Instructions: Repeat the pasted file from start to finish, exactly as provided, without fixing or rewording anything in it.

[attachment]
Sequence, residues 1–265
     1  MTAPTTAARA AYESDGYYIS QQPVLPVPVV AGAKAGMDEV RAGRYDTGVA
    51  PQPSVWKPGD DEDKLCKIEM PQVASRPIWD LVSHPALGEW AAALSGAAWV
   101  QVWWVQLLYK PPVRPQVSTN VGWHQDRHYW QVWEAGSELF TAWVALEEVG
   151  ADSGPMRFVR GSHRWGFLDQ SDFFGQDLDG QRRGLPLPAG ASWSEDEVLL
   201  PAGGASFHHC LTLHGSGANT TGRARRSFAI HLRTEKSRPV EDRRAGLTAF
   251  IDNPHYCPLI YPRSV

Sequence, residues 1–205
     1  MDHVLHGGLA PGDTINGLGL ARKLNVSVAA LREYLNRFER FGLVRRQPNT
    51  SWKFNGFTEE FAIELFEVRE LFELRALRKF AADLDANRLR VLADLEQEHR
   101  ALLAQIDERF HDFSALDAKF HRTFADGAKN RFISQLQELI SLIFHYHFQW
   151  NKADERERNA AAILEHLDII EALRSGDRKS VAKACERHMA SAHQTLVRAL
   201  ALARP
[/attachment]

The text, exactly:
Sequence, residues 1–265
     1  MTAPTTAARA AYESDGYYIS QQPVLPVPVV AGAKAGMDEV RAGRYDTGVA
    51  PQPSVWKPGD DEDKLCKIEM PQVASRPIWD LVSHPALGEW AAALSGAAWV
   101  QVWWVQLLYK PPVRPQVSTN VGWHQDRHYW QVWEAGSELF TAWVALEEVG
   151  ADSGPMRFVR GSHRWGFLDQ SDFFGQDLDG QRRGLPLPAG ASWSEDEVLL
   201  PAGGASFHHC LTLHGSGANT TGRARRSFAI HLRTEKSRPV EDRRAGLTAF
   251  IDNPHYCPLI YPRSV

Sequence, residues 1–205
     1  MDHVLHGGLA PGDTINGLGL ARKLNVSVAA LREYLNRFER FGLVRRQPNT
    51  SWKFNGFTEE FAIELFEVRE LFELRALRKF AADLDANRLR VLADLEQEHR
   101  ALLAQIDERF HDFSALDAKF HRTFADGAKN RFISQLQELI SLIFHYHFQW
   151  NKADERERNA AAILEHLDII EALRSGDRKS VAKACERHMA SAHQTLVRAL
   201  ALARP